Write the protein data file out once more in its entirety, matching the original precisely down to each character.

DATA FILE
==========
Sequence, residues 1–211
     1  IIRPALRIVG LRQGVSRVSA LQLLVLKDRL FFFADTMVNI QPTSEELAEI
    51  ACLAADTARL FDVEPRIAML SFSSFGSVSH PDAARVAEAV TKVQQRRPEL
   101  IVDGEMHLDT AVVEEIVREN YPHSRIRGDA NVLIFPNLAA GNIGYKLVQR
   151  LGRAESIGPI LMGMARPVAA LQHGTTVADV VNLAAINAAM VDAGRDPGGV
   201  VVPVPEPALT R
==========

Sequence, residues 1–211
     1  IIRPALRIVG LRQGVSRVSA LQLLVLKDRL FFFADTMVNI QPTSEELAEI
    51  ACLAADTARL FDVEPRIAML SFSSFGSVSH PDAARVAEAV TKVQQRRPEL
   101  IVDGEMHLDT AVVEEIVREN YPHSRIRGDA NVLIFPNLAA GNIGYKLVQR
   151  LGRAESIGPI LMGMARPVAA LQHGTTVADV VNLAAINAAM VDAGRDPGGV
   201  VVPVPEPALT R